Something About You Page 25

“How about a spatula?”

Cameron saw Jack watching her with amusement.

“It’s that flat metal thing with the handle by your left hand,” he said.

“I know what a spatula is,” she assured him. And she actually knew how to use one, too—for flipping grilled cheese sandwiches. One of the few things she could make without burning. Fifty percent of the time. Maybe forty.

She served herself a hearty slice of the frittata and took a position against the counter on the opposite side from Jack. It felt odd standing close to him in the confines of her kitchen. Too intimate.

“Do you have a lead in the investigation?” Cameron asked between bites.

“Not yet,” Jack said. “We’re waiting on the lab reports, and we’re going to interview Senator Hodges’s staff over the next few days. The purpose of this visit is to discuss some security issues related to you.”

Cameron stopped eating and set her plate down on the counter, not liking the sound of that. “What kind of security issues?”

“We’d like to place you under protective surveillance.”

She felt her stomach tighten into a hard knot. “You think that’s necessary?”

“Consider it a precautionary measure.”

“Why? Do you have a reason to believe that I’m in danger?”

“I would put anyone who witnessed this high-profile of a murder under surveillance,” Jack said vaguely.

“That’s not an answer.” Cameron turned to his partner. “Come on, Wilkins—you’re the good cop. Level with me.”

Wilkins smiled. “Surprisingly, I don’t think Jack’s trying to be the bad cop this time. He’s the one who suggested that you be protected.”

“If that’s the case, then I must really be toast.”

Shockingly, Cameron could’ve sworn she saw Jack’s lips twitch at the corners.

“You’re not toast,” he said. “If it makes you feel better, there are politics in play here. Davis isn’t going to let anything happen to a federal prosecutor who’s assisting an FBI investigation.”

“You’re still skirting around the issue. Why is it even theoretically possible that I’d be in danger? The killer never saw me.”

“We have a couple of theories about what went on in that hotel room,” Jack said. “My instinct is that someone was trying to frame Senator Hodges for murder. If that’s the case, when that someone realizes that the FBI hasn’t arrested Hodges, he’s going to start wondering why. And although your involvement in this case is being kept confidential, we’d be foolish to ignore the risk of a leak. I’d like to be prepared for that possibility.”

“But I barely got a look at the guy,” Cameron said. “He could walk right up to me on the street and I wouldn’t recognize him.”

“That’s exactly why you’re under protective custody.”

Cameron fell silent. Sure, she’d always known the situation was serious—a woman had been smothered to death, after all—but in the hours that had passed since Friday night, she’d been hoping, perhaps naively, that her involvement in the mystery surrounding Mandy Robards’s death and the blackmailing of Senator Hodges was primarily over.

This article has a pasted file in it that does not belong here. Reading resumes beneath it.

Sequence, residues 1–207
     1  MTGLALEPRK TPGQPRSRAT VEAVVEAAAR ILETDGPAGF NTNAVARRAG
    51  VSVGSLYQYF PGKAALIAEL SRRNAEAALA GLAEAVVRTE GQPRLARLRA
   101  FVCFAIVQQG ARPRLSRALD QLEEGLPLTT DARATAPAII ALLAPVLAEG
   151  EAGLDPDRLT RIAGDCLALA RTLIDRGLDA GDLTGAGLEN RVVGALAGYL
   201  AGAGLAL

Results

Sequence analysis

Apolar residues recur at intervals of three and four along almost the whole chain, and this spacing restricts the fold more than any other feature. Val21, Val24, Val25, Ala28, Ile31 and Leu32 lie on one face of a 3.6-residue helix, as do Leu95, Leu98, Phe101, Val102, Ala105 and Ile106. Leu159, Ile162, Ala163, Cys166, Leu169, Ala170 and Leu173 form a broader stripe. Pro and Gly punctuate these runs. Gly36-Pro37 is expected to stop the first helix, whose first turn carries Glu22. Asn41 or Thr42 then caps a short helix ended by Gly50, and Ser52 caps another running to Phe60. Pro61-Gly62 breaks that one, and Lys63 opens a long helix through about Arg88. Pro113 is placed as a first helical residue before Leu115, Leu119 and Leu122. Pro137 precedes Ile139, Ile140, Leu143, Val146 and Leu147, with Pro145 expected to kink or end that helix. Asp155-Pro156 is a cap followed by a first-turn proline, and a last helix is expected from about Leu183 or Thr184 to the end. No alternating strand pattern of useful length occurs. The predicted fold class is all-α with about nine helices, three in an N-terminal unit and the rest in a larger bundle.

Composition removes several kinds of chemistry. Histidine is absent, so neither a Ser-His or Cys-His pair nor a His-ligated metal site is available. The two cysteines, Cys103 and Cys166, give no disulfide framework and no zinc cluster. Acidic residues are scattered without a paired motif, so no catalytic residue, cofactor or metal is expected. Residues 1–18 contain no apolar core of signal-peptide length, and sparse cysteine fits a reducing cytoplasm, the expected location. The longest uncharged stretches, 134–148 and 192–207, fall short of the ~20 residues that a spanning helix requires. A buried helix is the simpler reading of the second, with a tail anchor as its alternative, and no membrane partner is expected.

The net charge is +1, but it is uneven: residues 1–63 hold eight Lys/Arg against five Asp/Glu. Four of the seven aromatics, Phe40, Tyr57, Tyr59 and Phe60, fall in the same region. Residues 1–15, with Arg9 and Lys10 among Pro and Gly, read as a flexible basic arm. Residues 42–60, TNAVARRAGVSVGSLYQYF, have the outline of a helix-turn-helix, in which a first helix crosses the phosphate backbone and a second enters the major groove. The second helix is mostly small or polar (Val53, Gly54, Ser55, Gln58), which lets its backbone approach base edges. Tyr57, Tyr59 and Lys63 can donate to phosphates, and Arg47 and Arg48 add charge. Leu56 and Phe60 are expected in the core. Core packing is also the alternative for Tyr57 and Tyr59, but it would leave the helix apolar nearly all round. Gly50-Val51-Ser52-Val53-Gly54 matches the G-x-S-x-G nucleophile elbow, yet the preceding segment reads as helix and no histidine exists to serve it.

She reached up and pinched between her eyes, feeling a headache coming on. “I could’ve stayed at any other hotel that night, but no—it had to be the Peninsula.”

“We’ll keep you safe, Cameron.”

She peered up at the unexpected words of reassurance. Jack seemed about to say something else, then his expression turn impassive once again. “You’re our key witness, after all,” he added.

“So will it be just you two watching me, or will there be other federal agents involved?” Cameron asked.

“Actually, since the Bureau has primary investigative responsibility, CPD will handle the protective custody,” Wilkins said.

So it wouldn’t be Jack guarding her. “Oh. Good.” The idea of being in continual contact with him unnerved her. Not because she couldn’t handle him, but because she didn’t need him glaring at her all day long. Those dark, watchful eyes were enough to put anyone on edge.

“How will this protective surveillance work?” As a prosecutor she’d had cases where she’d placed a witness in protective custody—usually, as Jack had said, merely as a precautionary gesture—but she’d never been on this end of things.

“There’ll be a car posted in front of your house whenever you’re here, and the officers will follow you to and from work. When you get to your office, you’ll be protected there by building security,” Jack said.

Cameron nodded. The U.S. attorney’s offices were located in the Dirksen Federal Building, along with the U.S. District Court for the Northern District of Illinois and the Seventh Circuit Court of Appeals. Everyone entering the building had to pass through metal detectors, and anyone wanting to access her floor needed proper identification. “What about when I go places other than work or home?”

“Such as?”

“I don’t know, all the places people usually go. To the grocery store. To the gym. Or to meet my friends for lunch.” She deliberately didn’t mention that she also had a date on Wednesday evening, thinking that particular information was nobody’s business but her own. Well, Collin and Amy knew, but they didn’t count. They knew everything.

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